A control system can indeed be made to work with a monotube, so many have been done successfully long ago, and SIMPLY too. Either proportioning or staged or binary.
It depends on knowing the thermal hysteresis in the coil stack, the amount of excess water the pump can deliver and what the firing rate is if it is variable.
The combustion, now taking this CO2 business in hand and trying to minimize it, means doing your best to maintain a constant air/fuel ratio. A simple carburetor does this automatically. No need at all for this electronic Band-Aid junk being added. Electronic hate heat remember.
One thing that has to be well considered is WHERE the thermocouples and normalizer are located. This is one critical item if good stability is demanded and both locations very greatly influence the result.

Twenty five years ago at least, this used to be the lunchtime arguments at the Besler College of Engineering. "If you think you know what to do, then design a fully anticipating system with the smallest possible steam generator that would give the highest output the engine could possibly use." Extended surface tubing and variable draft were acceptable in the dream design. The winner gets a free lunch. OK, the challenge was made and accepted.
A tiny monotube with three stage water feed, variable draft that was programmable by throttle pedal movement, carburetor burner, cyclone firebox, with all the auxiliary loads run as conditions demanded and not run constantly. Today I would definitely substitute the Lamont for the Doble style coil arrangement and hookup. The steak was delicious.


Edited 1 time(s). Last edit at 11/30/2011 11:51AM by Jim Crank.
Re: Lamont boiler
November 29, 2011 10:35PM
Jim, I do not recall the White needing a normalizer. Seamed you said it was vary stable, more so then the Doble. Did I get that wrong?

I do not have a finished design in any way. At first would be vary simple keeping things slow and gethering data. And as you say it's the lag that is important. I have an idea of a metered steam usage for testing. A small pressure vesel that can be alternately filed and released. With a pressure and temperature senser to know the steam state the steam mass is known. So by filling it and releasing the pressure a known mass of steam is released. The advantage of the digital world. The hardware is all there. It only takes a software change to do something different.

Pictures are worth a 1000 words. With the data collected plots can be generated of all kinds of relations. This is more a research project then development at this point. At the end I will know exactly what the test steam generator can do. And will have numeric test date to back it up.

When I first started out to build a steam car. I wonted a blow your socks off Hot Rod. Fuel millage be damed. But over the years my goals have changed. With age comes the reality of the cost of fuel. When I got my first car I could buy gas for 10 cents a gal. And some times 8 cents. $2.00 filed my tank. I still wont a HotRod. I think a stean engine can perform and still have good gas millage if done right. 50 MPG and 0 to 60 in under 5 seconds.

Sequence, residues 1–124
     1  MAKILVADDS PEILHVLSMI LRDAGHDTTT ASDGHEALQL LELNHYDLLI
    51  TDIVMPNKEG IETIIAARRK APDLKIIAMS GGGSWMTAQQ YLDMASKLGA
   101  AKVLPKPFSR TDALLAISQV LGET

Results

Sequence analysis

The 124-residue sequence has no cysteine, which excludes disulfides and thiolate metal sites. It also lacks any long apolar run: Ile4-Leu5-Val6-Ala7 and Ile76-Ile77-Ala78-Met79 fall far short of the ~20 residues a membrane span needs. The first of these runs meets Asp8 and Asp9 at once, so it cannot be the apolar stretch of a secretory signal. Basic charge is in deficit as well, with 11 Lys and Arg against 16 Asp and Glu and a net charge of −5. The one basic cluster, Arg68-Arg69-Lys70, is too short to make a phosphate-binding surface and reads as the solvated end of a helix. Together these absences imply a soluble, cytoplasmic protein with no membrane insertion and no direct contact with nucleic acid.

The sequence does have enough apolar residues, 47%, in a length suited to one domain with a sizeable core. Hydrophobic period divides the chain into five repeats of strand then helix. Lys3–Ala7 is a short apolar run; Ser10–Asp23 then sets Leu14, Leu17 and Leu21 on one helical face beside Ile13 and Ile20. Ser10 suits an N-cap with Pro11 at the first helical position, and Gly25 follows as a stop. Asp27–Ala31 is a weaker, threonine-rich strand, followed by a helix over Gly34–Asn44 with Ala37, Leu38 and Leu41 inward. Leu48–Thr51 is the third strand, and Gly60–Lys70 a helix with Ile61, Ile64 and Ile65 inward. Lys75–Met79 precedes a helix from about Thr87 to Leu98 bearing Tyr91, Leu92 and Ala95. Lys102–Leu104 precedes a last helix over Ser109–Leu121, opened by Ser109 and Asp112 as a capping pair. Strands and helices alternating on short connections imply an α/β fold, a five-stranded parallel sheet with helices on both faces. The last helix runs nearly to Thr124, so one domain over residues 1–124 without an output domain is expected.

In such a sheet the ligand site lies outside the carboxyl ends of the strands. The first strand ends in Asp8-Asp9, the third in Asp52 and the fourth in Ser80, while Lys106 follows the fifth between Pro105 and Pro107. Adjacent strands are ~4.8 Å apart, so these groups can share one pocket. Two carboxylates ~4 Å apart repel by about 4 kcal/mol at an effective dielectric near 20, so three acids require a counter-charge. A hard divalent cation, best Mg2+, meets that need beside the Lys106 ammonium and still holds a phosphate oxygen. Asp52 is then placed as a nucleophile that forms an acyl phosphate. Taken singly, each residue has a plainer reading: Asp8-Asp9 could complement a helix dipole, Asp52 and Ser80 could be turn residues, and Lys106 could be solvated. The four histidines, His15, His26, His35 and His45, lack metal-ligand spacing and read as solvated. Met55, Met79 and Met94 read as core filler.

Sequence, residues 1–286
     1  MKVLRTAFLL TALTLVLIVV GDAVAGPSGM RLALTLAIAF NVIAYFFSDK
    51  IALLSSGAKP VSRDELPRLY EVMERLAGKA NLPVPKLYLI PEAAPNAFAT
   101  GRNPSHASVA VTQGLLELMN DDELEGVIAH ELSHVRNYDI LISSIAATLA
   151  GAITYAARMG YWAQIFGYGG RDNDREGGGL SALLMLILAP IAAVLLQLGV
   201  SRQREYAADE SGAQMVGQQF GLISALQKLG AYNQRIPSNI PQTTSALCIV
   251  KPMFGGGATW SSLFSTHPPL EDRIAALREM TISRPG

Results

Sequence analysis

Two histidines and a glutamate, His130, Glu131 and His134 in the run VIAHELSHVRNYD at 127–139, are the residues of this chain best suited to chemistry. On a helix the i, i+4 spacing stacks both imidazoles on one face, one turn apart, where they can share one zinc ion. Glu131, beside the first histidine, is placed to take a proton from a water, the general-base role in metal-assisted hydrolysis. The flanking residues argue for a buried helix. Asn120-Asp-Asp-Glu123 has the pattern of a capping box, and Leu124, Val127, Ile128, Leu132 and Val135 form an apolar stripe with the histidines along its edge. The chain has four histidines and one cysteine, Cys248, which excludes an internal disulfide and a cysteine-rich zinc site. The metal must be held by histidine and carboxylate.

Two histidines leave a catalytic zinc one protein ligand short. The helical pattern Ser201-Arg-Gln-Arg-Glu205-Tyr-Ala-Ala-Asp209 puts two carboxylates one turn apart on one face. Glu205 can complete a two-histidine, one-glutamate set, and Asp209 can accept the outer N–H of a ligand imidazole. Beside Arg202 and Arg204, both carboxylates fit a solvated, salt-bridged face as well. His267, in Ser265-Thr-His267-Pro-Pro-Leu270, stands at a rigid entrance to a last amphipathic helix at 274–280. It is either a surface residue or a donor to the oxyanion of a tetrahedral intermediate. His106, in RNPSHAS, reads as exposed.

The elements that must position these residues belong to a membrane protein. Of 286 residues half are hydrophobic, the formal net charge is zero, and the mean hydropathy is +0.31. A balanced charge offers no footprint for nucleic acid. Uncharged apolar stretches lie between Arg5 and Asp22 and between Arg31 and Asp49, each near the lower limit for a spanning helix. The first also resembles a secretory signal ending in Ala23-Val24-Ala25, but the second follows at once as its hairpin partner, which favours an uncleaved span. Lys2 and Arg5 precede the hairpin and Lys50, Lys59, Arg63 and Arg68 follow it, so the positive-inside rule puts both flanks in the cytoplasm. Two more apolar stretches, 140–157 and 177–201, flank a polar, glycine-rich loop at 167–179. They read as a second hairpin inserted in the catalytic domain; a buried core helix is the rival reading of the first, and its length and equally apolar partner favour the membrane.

Re: Lamont boiler
November 30, 2011 10:33AM
Another thought on that centrifugal pump cavitation is that centrifugal forces would tend to compress the fluid near the od and tend to force any bubble formation towards the center of the flow where they may have the least effect on the rotor blade edges. Perhaps maybe if...just thinkin.
Re: Lamont boiler
November 30, 2011 12:13PM

No, you got it right.
The White does not NEED a normalizer; but for the same reason Dobles added one to the system, it is the final control device to stop wild overheat under some certain conditions. It is possible to add a strictly mechanical normalizer to a White, a proportioning one too.

The first Model D Dobles did not have a normalizer, they thought that the compensator was enough. WRONG, as Rubin Hills and his chauffeur Packy Nolan found out driving the first test chassis. Nolan is the real hero in this, after having a bad run in one of the first Model D steamers. As Warren told the story, laughing his head off, Nolan said "Can't you do something about all these wild temperature swings when we are driving in the hills? Couldn't you just piss (The exact word he used) a tiny bit of water into the beginning of the superheater to calm this down?" The Dobles patented this with the speed of light, Nolan's name is not on the patent application.
If you look at the first and second compensator drawings in the Bancroft files, the later one has a third outlet, says "Normalizer", the earlier drawing does not have this.
Waiting for the water flow to come up from the bottom and reach the superheater and cool things down works, sort of, if the pump is really a big one and if the hysteresis is on the low side, the White theory, I think. With a really big coil like a Doble, burned out superheaters are the norm, enlarged water pumps or not. It just takes too long.